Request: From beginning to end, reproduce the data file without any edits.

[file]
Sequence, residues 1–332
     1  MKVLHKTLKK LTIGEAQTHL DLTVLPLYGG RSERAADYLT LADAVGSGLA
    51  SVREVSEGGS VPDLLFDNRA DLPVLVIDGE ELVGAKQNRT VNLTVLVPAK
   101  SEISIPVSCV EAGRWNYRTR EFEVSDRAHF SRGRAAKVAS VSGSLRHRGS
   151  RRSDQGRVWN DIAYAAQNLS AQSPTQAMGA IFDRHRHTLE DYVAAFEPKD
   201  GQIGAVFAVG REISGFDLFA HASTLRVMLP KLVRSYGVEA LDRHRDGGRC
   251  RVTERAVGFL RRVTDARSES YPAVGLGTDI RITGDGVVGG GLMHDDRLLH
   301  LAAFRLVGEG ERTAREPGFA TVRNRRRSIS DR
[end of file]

Sequence, residues 1–332
     1  MKVLHKTLKK LTIGEAQTHL DLTVLPLYGG RSERAADYLT LADAVGSGLA
    51  SVREVSEGGS VPDLLFDNRA DLPVLVIDGE ELVGAKQNRT VNLTVLVPAK
   101  SEISIPVSCV EAGRWNYRTR EFEVSDRAHF SRGRAAKVAS VSGSLRHRGS
   151  RRSDQGRVWN DIAYAAQNLS AQSPTQAMGA IFDRHRHTLE DYVAAFEPKD
   201  GQIGAVFAVG REISGFDLFA HASTLRVMLP KLVRSYGVEA LDRHRDGGRC
   251  RVTERAVGFL RRVTDARSES YPAVGLGTDI RITGDGVVGG GLMHDDRLLH
   301  LAAFRLVGEG ERTAREPGFA TVRNRRRSIS DR